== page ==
Evaluation of Precut Thermal Cracks for an Asphalt Concrete Pavement in Interior Alaska

PI: Jenny Liu (UAF), jliu6@alaska.edu
Dates: 07/01/2013 – 7/31/2015

Many states are faced with the challenges of aging and degrading roadway pavements, and low temperature cracking is one of the most prevalent pavement distresses found in Alaska and in cold areas of other northern states. This requires significant repair efforts to maintain an acceptable pavement condition.  The low temperature cracks are extensive enough that a significant portion of the Department of Transportation (DOT) Maintenance and Operations budget is allocated to sealing and the associated work required to repair low temperature cracking. Until new technology may someday eliminate cracking, significant funds will continue to be spent on crack sealing and repair. Innovative and cost-effective approaches and techniques to preserve and maintain existing highway systems (other than “worst first”) are needed. Presawing of thermal cracks has provided promising results in controlling pavement degradation usually associated with natural thermal cracking, according to the field observation from a few asphalt concrete (AC) pavement projects in Alaska. However, a systematic approach has not been developed to implement optimum application of this technique in AC pavements, especially when the thermal cracking actually involves both the AC layer as well as the underlying aggregate.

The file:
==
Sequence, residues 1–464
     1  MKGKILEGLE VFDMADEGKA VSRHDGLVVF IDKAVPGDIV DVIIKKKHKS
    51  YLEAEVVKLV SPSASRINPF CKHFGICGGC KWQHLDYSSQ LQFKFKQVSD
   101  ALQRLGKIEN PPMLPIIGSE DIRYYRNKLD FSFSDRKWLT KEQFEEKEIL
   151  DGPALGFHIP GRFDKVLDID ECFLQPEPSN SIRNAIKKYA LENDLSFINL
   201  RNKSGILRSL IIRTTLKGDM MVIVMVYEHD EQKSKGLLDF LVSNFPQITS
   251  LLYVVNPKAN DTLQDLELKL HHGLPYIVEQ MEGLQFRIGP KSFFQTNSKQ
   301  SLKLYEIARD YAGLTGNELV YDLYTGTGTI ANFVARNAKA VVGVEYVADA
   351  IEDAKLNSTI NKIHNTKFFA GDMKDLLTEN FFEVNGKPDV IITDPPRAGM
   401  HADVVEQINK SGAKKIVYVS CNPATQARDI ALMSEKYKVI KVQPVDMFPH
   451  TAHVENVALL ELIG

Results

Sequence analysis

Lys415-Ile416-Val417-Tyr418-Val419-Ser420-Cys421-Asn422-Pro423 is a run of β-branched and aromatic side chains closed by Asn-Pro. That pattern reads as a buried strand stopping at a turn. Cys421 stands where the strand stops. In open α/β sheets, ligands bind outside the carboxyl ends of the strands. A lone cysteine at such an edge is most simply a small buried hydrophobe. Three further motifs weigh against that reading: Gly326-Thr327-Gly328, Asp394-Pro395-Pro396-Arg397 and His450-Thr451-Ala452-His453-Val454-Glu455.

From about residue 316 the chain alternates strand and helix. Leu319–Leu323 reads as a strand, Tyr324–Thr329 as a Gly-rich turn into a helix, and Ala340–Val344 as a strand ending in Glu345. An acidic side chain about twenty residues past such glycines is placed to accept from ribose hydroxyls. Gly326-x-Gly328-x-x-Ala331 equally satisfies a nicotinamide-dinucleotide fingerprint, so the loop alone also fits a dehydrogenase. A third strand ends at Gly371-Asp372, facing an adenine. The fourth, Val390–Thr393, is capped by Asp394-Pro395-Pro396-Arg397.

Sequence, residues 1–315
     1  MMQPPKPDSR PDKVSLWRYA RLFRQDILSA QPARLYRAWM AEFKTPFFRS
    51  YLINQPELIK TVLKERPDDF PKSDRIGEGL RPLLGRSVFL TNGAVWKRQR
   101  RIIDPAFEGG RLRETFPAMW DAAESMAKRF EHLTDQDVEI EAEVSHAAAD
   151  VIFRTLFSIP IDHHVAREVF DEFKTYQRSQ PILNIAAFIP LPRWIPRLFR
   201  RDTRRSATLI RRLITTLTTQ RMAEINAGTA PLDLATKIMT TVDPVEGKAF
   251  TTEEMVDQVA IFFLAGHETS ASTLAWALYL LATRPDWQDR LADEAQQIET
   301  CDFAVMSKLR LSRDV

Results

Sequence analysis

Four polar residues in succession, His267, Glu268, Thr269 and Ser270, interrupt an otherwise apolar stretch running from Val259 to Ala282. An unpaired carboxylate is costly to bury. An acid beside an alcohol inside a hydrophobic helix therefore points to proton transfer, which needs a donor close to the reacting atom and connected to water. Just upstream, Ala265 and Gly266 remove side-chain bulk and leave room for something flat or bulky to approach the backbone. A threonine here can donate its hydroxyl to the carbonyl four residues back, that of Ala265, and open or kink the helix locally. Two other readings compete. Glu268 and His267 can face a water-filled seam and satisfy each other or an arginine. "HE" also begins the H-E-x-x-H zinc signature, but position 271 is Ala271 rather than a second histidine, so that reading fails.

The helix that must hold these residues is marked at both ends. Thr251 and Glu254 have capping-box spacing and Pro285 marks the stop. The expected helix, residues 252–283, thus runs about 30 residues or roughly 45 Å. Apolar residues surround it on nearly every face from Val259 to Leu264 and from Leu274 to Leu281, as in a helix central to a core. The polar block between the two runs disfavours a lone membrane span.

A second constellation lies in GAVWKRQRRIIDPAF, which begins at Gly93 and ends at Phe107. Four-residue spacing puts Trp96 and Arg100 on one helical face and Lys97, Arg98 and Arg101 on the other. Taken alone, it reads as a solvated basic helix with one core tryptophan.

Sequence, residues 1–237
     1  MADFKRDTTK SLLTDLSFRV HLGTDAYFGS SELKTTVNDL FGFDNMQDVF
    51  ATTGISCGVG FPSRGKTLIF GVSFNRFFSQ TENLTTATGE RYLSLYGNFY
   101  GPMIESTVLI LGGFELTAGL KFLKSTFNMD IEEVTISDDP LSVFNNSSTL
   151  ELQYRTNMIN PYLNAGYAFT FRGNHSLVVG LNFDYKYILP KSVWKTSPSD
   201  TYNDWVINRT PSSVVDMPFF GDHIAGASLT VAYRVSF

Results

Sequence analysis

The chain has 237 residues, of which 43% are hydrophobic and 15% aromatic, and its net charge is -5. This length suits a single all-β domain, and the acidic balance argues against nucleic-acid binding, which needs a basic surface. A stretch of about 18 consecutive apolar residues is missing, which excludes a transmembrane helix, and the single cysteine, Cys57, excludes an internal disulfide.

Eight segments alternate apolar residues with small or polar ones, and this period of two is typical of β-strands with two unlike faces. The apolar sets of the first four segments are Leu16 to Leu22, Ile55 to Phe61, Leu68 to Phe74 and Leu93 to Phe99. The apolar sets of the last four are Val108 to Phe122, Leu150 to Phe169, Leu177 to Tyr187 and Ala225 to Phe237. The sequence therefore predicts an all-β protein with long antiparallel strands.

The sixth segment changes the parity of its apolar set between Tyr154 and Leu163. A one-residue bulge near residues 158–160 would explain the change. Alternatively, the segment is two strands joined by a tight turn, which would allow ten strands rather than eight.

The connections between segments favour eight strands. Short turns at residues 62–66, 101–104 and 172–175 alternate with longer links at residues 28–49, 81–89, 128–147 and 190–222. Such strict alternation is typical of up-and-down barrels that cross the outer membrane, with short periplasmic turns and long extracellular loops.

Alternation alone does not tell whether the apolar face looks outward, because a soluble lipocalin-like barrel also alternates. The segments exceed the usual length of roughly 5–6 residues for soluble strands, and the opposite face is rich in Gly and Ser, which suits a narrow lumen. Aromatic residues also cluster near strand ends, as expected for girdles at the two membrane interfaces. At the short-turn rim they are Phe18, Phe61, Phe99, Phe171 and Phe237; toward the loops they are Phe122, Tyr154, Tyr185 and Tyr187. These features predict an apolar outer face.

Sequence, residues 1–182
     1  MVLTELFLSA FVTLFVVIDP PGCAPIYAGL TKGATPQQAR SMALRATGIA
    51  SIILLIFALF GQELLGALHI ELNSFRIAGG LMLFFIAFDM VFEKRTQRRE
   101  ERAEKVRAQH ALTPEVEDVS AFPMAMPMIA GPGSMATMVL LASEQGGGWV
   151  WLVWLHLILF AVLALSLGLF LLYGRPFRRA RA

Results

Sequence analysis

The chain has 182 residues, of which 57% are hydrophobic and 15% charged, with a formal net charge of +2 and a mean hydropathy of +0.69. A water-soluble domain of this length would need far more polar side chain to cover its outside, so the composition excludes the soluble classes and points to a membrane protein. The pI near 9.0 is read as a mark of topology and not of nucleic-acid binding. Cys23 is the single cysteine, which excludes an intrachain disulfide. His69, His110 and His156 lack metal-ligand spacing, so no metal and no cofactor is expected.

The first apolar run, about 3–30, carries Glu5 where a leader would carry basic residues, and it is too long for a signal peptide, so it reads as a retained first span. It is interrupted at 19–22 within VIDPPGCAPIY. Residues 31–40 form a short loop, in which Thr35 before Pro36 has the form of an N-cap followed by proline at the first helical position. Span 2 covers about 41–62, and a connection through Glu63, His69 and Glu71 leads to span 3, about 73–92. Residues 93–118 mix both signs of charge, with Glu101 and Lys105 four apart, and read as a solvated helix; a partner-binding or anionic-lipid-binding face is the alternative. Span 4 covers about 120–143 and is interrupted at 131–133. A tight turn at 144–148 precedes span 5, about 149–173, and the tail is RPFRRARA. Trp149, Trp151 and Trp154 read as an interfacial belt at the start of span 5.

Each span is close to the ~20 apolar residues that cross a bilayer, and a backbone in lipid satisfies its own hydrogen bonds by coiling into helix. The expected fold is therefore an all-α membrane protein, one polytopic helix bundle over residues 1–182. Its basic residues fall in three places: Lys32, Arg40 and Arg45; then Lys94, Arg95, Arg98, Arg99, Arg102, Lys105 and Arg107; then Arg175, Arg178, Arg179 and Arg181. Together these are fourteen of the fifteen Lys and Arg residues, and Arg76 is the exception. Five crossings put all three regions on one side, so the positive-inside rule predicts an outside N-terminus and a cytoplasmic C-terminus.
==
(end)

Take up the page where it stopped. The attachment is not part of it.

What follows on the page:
Final Project Report: PacTrans-39-UAF-Liu